The Complete Brewing Process
Brewing consists of five simple stages.
· Brewing the Beer – In extract & partial grain brewing, the extract and hops are boiled together with water for about an hour to sterilize the extract and release the bittering qualities of the hops. If grains are used, they are steeped like a tea bag prior to the boil to add additional color and flavor complexity.
· Cooling and Fermenting – The hot mixture (called wort, rhymes with flirt) is cooled to room temperature and siphoned or transferred to a fermenter (usually a plastic food grade bucket), where it is topped off with additional water to achieve the desired batch size. Cleanliness and sterilization are very important since the wort can be easily infected by bacteria while in this state. Once the mixture drops to room temperature, usually by means of an ice bath, yeast is added to start the fermentation process. The wort is then covered and an airlock is used to keep the wort sealed during ensuing fermentation. Your beer will ferment for 4 days to 2 weeks, and usually will be transferred to the glass carboy during this time.
· Priming and Bottling – Once the beer is fully fermented, it is usually siphoned to a bottling bucket to prepare for bottling. At this stage, priming sugars such as corn sugar, dry malt extract, or candi sugar are mixed with the beer, after which it is siphoned into bottles and capped with a bottle capper. While most kits include a hand capper, a bench capper greatly speeds up this process.
· Aging – Once the beer has been bottled, it needs to age for 2-6 weeks. While aging, the yeast will ferment the priming sugar, and create carbon dioxide. This carbon dioxide will naturally carbonate your beer. Sediments such as excess yeast and proteins will settle during aging. Usually drinkable after a month, some beers may take several months to reach peak flavor. Special beers could take a year or more.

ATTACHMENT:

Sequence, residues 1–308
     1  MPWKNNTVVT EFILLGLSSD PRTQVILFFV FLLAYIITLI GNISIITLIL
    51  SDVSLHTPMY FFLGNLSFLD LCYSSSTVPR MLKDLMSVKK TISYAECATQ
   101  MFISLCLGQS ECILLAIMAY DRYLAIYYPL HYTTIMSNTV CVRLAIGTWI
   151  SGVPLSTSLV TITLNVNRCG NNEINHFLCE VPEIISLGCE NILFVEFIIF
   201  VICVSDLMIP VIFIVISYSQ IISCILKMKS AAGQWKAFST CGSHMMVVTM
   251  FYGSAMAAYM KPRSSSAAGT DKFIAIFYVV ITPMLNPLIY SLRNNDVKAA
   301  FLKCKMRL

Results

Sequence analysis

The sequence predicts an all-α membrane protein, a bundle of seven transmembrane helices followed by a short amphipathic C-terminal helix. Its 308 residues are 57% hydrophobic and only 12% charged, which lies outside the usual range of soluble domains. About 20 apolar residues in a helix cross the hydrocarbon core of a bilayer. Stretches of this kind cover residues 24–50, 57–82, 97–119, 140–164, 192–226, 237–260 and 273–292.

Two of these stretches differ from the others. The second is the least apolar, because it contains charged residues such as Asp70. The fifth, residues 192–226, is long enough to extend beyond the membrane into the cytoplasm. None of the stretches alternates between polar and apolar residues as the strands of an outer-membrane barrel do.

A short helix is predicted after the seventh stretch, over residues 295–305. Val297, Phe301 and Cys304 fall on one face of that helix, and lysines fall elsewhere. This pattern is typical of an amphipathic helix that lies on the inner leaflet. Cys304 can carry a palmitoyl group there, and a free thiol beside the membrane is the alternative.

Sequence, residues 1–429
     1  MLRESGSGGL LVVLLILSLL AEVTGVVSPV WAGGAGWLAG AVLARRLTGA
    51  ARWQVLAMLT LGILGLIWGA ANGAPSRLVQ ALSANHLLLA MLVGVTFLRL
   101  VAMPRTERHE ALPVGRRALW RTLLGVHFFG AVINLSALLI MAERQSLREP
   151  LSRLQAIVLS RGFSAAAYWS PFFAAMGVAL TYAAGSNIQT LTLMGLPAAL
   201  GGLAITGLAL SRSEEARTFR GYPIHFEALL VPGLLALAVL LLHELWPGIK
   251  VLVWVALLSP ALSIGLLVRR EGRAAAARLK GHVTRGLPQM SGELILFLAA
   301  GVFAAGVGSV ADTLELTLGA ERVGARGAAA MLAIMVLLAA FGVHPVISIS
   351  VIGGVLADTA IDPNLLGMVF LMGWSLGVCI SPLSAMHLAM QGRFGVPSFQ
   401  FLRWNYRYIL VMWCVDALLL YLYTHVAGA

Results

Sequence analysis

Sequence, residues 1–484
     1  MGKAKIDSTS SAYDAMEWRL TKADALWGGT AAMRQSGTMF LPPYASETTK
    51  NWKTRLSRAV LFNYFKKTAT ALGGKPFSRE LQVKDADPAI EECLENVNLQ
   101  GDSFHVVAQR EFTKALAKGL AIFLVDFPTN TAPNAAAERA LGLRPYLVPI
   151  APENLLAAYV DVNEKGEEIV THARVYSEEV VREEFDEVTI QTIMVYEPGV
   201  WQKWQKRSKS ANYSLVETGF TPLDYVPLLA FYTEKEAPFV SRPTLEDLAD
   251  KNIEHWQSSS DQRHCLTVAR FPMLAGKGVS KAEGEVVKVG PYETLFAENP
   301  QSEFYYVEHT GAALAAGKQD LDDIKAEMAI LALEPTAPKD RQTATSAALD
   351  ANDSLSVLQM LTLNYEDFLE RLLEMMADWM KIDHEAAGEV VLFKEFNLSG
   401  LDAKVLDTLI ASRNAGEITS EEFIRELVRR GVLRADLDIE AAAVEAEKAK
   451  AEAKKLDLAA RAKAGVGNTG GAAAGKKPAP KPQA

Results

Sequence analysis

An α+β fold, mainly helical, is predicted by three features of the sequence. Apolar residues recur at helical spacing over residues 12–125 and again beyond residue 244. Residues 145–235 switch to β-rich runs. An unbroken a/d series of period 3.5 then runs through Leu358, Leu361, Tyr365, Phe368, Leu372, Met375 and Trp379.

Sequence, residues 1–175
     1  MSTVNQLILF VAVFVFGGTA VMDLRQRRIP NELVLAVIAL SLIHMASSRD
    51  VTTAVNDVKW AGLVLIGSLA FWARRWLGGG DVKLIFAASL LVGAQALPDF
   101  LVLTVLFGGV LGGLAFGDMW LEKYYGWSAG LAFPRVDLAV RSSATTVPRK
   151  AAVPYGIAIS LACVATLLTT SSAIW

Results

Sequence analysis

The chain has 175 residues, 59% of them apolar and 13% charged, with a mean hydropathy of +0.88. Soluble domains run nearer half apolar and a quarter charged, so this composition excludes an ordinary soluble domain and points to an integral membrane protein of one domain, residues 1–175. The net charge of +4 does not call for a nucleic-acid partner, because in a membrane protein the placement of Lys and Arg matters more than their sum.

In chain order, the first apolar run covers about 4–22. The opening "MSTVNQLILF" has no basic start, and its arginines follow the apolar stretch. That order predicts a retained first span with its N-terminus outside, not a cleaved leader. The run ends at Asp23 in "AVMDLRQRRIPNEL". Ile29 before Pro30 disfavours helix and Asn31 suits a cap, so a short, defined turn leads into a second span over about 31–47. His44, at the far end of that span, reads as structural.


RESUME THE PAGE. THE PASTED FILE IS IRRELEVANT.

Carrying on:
· Drinking – When the beer is properly aged – usually in a cooler area like a basement, take a few out and place in refrigerator! Try them out and decide for yourself whether you really need to buy the mass produced market beers ever again!
TIME TO BREW!
The outline above and your local home brew shop will get you started. Extract and partial grain kits should contain full information to get your first batch completed.
We recommend you patronize your local liquor store or tavern and sample a “variety pack” of micro-brewed beers. We find that many beginners may think they like “dark” beers, when what they really like is a hoppy beer, or vice versa. Try some beers you’ve never had before, remember what you liked or disliked about each, and let your brew supply shop know your preferences so that they may select a kit or recipe you are sure to enjoy. Then check to see if there is a local beer club you may join or visit. They usually offer tastings of selections you will be sure to remember, and may soon be able to imitate. Then “Hop To It.”
Mark & Chris Flynn are the local proprietors of Hop To It Brewing & Wine making Supplies, located within the 1849 building which houses D P Wigley Company in Downtown Racine.